REVIEW: Suspiria (1977)

 During the 2000s, Michael Bay had turned his attention to remaking horror franchises.  Platinum Dunes, the production company started by Bay, Brad Fuller, and Andrew Form kicked off it's existence with a flurry of horror remakes.  It all started with The Texas Chainsaw Massacre (2003), and their first non-remake wouldn't happen until 2009 when they made The Unborn.  The common thread in their remakes, from The Amityville Horror (2005) to A Nightmare on Elm Street (2010) was that they were extremely loud and as far from subtle as any film could ever get.

Each of these movies irritated me.  I tell myself that I like horror that is more sophisticated, films that are directed and edited with a steady hand.  Loud noises are the play things of people who are sloppy.  Visual symbolism needed to be something you searched for, and not something that drop kicked you in the teeth. Yes, I am above all of this nonsense.

But, the truth is, that I'm not.  Sometimes a horror just needs to be entertaining and can be enjoyable without meaning much.  As well, a film can succeed by being intense and in your face in a sensory overload that even Michael Bay could only fantasize of producing.

Suspira is one of my favourite horror films of all time, and it punches you in the face.  There is a lot of symbolism in colours, but they aren't applied cautiously.  Red and blue are of incredible significance, and they fly at you like an angry rodent being blasted out of a shit cannon (I meant to type 'shirt cannon,' but I found this mistake whimsical so I left it in).  The score is of equal importance, but it as well is a tool to bludgeon the viewer with.

So, despite my hatred of heavy handed techniques, how is it that I hold Suspiria so highly?  This film is visually like a dream that turns into a nightmare.  The aesthetics are not about being realistic, but creating a fantasy world of evil.  Director Dario Argento seems to make the movie become an opera, a display of stage presence and powerful stimuli.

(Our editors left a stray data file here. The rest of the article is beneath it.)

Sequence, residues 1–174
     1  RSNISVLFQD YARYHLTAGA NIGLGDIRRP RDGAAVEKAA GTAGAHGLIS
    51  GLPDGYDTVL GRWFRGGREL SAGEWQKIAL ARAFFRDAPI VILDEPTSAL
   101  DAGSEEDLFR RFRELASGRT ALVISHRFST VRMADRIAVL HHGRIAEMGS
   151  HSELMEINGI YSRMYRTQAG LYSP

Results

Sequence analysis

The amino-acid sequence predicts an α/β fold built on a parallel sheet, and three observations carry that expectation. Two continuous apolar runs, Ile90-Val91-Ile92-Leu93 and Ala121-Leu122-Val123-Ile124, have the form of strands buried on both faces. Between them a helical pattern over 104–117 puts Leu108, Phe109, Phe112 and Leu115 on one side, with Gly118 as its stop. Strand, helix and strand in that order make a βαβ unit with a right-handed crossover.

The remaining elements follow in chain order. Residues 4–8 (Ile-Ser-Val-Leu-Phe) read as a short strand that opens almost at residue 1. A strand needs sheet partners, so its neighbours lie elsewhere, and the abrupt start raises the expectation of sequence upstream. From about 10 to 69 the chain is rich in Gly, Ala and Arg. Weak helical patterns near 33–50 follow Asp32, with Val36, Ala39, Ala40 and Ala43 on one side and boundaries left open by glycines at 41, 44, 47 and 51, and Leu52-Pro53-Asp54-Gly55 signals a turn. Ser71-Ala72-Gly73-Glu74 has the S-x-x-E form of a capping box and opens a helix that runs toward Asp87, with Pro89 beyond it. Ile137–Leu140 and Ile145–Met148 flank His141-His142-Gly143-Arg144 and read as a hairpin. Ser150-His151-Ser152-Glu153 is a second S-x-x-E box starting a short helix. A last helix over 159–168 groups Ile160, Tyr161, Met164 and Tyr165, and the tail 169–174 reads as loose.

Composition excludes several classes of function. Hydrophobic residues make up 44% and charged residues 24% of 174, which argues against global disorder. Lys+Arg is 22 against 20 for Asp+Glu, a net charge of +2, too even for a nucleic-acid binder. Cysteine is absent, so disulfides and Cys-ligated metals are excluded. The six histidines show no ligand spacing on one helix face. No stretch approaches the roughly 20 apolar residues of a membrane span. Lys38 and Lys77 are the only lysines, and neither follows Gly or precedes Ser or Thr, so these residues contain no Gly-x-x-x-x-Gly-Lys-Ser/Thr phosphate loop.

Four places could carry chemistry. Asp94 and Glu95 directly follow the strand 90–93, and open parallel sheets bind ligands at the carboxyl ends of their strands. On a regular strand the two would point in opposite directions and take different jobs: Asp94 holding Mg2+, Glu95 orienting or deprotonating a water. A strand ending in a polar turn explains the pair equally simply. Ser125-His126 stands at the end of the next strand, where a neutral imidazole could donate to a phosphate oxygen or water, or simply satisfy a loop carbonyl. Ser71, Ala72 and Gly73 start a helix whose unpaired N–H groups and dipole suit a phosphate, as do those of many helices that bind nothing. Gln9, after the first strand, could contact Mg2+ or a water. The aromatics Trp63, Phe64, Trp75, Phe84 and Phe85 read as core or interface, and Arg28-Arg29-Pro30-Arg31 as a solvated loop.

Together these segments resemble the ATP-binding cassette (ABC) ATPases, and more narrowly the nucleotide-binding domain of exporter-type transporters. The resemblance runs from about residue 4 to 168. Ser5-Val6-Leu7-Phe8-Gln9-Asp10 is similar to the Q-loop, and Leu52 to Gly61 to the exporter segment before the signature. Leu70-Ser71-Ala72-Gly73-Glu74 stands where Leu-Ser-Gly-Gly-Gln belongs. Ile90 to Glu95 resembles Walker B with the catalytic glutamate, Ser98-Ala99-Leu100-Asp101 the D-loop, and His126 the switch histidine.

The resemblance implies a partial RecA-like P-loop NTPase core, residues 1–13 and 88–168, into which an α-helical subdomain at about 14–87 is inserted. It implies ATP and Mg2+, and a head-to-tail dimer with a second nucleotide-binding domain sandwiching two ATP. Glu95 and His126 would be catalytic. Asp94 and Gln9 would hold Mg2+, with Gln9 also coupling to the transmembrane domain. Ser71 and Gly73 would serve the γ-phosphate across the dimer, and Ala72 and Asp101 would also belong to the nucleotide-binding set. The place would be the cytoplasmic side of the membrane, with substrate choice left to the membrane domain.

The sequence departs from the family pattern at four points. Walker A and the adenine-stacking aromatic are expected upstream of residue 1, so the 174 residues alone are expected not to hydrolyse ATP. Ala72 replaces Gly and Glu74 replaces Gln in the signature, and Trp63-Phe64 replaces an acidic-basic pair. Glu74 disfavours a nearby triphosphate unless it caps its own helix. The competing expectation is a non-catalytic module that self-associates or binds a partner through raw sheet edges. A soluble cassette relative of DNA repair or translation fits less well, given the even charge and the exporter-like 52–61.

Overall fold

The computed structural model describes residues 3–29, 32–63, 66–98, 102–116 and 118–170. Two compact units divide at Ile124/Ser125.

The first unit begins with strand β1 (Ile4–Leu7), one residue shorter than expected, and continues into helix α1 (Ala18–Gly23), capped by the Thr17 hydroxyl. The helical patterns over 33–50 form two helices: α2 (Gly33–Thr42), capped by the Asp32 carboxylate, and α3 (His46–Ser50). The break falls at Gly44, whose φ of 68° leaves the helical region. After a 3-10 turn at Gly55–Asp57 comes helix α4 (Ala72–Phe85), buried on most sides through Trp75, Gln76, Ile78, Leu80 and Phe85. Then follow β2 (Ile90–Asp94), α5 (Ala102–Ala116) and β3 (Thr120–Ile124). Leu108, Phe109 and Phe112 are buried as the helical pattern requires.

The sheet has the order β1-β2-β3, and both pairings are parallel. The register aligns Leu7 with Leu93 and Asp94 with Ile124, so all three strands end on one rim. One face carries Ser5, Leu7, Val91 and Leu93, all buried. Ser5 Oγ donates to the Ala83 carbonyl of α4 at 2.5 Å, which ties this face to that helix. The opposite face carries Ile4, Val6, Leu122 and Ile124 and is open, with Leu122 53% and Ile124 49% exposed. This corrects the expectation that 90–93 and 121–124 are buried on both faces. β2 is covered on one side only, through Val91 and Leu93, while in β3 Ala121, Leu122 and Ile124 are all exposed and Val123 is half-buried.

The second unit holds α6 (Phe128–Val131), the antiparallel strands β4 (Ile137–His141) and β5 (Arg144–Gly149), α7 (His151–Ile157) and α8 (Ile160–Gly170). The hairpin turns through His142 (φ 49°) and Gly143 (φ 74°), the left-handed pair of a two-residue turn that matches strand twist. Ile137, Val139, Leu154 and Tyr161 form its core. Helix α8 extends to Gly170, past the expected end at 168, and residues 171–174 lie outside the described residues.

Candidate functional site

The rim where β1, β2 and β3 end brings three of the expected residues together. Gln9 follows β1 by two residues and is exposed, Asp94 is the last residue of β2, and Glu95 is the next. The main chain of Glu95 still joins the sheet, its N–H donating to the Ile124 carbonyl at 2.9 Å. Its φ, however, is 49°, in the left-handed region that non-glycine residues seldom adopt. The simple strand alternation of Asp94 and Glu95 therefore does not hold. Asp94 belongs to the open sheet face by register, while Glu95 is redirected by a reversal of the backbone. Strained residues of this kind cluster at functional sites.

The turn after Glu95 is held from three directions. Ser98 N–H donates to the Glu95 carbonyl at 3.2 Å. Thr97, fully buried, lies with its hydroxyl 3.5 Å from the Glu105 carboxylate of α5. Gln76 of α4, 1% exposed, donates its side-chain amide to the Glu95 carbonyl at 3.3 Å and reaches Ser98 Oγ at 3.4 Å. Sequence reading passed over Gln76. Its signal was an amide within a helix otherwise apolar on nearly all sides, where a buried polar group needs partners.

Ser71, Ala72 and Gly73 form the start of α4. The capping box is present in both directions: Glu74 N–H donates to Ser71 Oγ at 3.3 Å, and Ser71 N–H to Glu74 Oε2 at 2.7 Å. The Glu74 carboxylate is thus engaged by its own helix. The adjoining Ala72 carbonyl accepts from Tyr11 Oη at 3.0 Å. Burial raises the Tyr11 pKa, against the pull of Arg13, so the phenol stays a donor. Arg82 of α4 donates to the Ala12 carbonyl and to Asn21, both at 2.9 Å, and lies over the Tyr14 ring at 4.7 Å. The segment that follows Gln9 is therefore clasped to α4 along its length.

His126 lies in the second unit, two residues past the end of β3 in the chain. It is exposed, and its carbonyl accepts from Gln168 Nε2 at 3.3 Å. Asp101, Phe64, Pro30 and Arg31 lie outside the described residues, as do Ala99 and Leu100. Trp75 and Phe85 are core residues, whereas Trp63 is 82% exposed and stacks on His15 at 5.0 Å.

Everything he does with this film is calculated, and while the visual symbolism is front and centre, it is well thought out, properly handled, and also with its subtleties.  The score, while shrill and overly amplified, is the mood of the characters that are caught within a spider's web without even knowing they were in danger.

The movie is set in an elite dance academy in German, and follows Suzy (Jessica Harper).  Newly arrived from America, Suzy starts to learn that there are deep and evil secrets within the school's leadership.  Supernatural and gruesome events are happening, and Suzy comes to learn the secret that it is a coven of witches that are running the school.

This is where the importance of colours really comes into play.  The abundance of red is a warning, a sign of danger, horror, and death.  Blue, however, is used to be a lot calmer, and (at least from my estimation) represents the coven.  There is an interesting scene where Suzy is swimming in the academy's indoor pool with a friend.  The tile on the interior of the pool is blue, except for large square outlined with white tiles that an overhead shot highlights.  The girls are treading water inside the box, an illustration of the trap they are caught in.  While the red could catch their attention and alert them, it is this blue that is the true terror of the hidden coven.

The score is as equally intriguing as the use of colour.  It has it's absurdly obvious elements, but is also much more than that.  Progressive rock group Goblin helped with the score and also created one of the creepiest horror themes that I have ever heard.

Argento is incredibly bold with this movie.  The theatrics of it stand out from much of what horror was or would become.  Grounded in the real world, it still communicates itself to be supernatural and a surreal story.  The swelling of the music, the set design, and the flow of the film take this film beyond contemporary cinema.  If ever there was a horror movie that felt like an opera, Suspiria is it.

And, like the opera, it won't be to everyone's taste.  For me, it's a love affair.  I can't get enough of the fantastical contrasted with the subtle secrets.  This is a setting where instantly people should get suspicious, but they wouldn't know what they needed to fear.  Well, one of them begins to understand what all of the warning signs point to, and their journey to get there hooks me every single time I watch it.

Rating - 4 out of 4 stars